Sunday, April 27, 2014


Witness (n):

1. evidence; proof: the memorial service was witness to the wide circle of his interest.• used to refer to confirmation or evidence given by signature, under oath, or otherwise: in witness thereof, the parties sign this document.• open profession of one's religious faith through words or actions: faithful Christian witness.
At some point in middle school, I stumbled upon Christian music and hit upon the band dcTalk. One of their albums, Jesus Freak, had an interlude that said, "The greatest single cause of atheism in the world today is Christians who acknowledge Jesus with their lips and walk out the doors and deny Him by their lifestyles. That is what an unbelieving world simply finds unbelievable."
I walked out of Mass on Easter Sunday and an event triggered immense anger in my heart. In a moment of weakness, I failed to live out my Christian call to love and forgive. Had my action been toward a person in search of Jesus, they would not have found Him in me. But, like anyone with anger, I felt vindicated, righteous, justified. I had a right to be angry. Like the burial cloth, though, I remained in the tomb this past Easter morning. 
Unbelievable. The holiest of days, the answer to sin, death and suffering, the reason that joy should be our North Star, the most important event in history and I walk out of the door of the Church and deny Him by my lifestyle. 
Perhaps it is why submarine Catholics only break the surface of the Church twice a year – people like me who fail, all the time, to live out our glorious call as Christians. It must be rather uninspiring.
But, God's not finished with me yet. I'd like to think that despite this slip, I didn't remain in the tomb long that morning. I'd like to think that instead of characters like Judas and Pilate who's stories, respectively, end with the Crucifixion, is continuing past Jesus's death. I left the tomb, realizing that Jesus doesn't deal with death (He conquers it), and went in search of Him. I'd like to think that my walk with Him is continuing. 
I'd like to think that even though I'm far from perfect, that I am a disciple and as such, a witness of the power, majesty, goodness, love, forgiveness, mercy, compassion, peace, hope and joy found in Jesus. Life is difficult and messy and confusing and frustrating, but it is also good. Incredibly good. 
Our lives as Christians should resemble and reflect this goodness.
We should live as witnesses of Jesus Christ.

Consider the power of witnesses. The recommendation about a book or movie from a trusted friend who has read or seen the suggested content makes us more likely to partake in it as well. Courts depend on witnesses to argue cases. Weight loss success stories, effective workout regimes, organizational strategies all receive more credence when witnesses profess to their effectiveness.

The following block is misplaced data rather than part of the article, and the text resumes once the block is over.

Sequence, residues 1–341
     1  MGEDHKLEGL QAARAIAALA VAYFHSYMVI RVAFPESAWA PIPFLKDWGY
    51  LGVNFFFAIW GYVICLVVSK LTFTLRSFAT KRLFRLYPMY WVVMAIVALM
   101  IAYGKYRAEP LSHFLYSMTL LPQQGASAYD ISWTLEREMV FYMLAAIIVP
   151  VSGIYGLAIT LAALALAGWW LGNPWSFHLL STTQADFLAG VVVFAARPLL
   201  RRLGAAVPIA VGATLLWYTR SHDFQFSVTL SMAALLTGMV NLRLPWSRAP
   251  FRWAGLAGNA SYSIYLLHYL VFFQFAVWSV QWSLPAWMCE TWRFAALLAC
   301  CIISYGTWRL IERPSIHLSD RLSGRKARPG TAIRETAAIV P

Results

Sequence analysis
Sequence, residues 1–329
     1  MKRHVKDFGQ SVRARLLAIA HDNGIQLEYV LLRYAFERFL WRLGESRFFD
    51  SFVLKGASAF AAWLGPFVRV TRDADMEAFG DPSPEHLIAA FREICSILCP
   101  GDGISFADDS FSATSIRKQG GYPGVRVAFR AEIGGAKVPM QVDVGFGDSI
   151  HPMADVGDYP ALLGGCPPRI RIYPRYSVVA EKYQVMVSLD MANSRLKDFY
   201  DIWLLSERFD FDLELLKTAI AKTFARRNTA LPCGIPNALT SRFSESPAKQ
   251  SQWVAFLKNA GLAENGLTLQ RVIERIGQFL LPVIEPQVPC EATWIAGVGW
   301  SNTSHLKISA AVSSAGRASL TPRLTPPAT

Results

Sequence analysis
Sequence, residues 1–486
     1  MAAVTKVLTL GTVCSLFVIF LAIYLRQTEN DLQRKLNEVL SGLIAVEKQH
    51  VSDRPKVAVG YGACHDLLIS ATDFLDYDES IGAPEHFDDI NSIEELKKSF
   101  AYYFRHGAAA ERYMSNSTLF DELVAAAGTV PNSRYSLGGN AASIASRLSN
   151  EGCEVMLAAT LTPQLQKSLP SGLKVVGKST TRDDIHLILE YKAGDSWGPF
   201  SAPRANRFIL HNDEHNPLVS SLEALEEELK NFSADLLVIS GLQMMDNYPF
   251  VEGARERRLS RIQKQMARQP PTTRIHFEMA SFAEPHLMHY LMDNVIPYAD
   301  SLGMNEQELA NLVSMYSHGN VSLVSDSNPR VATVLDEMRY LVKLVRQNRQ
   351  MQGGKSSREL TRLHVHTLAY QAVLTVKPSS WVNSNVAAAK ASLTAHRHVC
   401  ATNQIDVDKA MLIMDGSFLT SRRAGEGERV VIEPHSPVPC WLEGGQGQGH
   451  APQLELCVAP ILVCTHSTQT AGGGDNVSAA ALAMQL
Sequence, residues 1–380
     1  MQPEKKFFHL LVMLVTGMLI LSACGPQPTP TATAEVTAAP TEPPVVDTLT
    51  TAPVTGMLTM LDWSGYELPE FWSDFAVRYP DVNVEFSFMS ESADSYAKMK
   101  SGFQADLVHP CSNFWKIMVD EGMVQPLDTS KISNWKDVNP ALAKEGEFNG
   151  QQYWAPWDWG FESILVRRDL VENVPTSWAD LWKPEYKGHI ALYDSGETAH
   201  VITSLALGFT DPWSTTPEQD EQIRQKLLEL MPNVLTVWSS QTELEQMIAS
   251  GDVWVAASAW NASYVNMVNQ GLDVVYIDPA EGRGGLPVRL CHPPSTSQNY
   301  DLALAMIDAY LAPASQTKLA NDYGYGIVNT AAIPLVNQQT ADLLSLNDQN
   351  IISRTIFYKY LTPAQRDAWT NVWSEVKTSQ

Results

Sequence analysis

The same is true of our faith. 

Witnesses have immense power.

Today we mark a historic day in the Church: two canonizations on the same day, two former popes, two modern day saints. Our current Pope who is courageously leading the Church in refreshing ways and a former Pope who humbly retired concelebrating. Four total witnesses to the power, majesty, might, mercy and goodness of Christ.

Our Sunday Mass readings also proclaim the clout of witnesses. The early Church was marked by community gatherings, moments of teaching, faith sharing, and witnessing to each other and those still yet to experience the goodness of the Lord:    

Every day they devoted themselves to meeting together in the temple area and to breaking bread in their homes. They ate their meals with exultation and sincerity of heart, praising God and enjoying favor with all the people. And every day the Lord added to their number those who were being saved (Acts 2: 46 -47).

St. Peter writes about this same genuineness of faith:

In this you rejoice, although now for a little while you may have to suffer through various trials, so that the genuineness of your faith, more precious than gold that is perishable even though tested by fire, may prove to be for praise, glory, and honor at the revelation of Jesus Christ. Although you have not seen him you love him; even though you do not see him now yet believe in him, you rejoice with an indescribable and glorious joy, as you attain the goal of your faith, the salvation of your souls (1 Peter1: 6 – 9).

Our Gospel reading speaks the famous story of “doubting Thomas”. Blessed are those who have not seen and yet still believe. Blessed are those who have witnessed to others about the glory of God so that others, too, may believe.

Keep creating me and forming me, Lord. May I be deemed worthy to be called a witness.
I know you're not finished with me yet...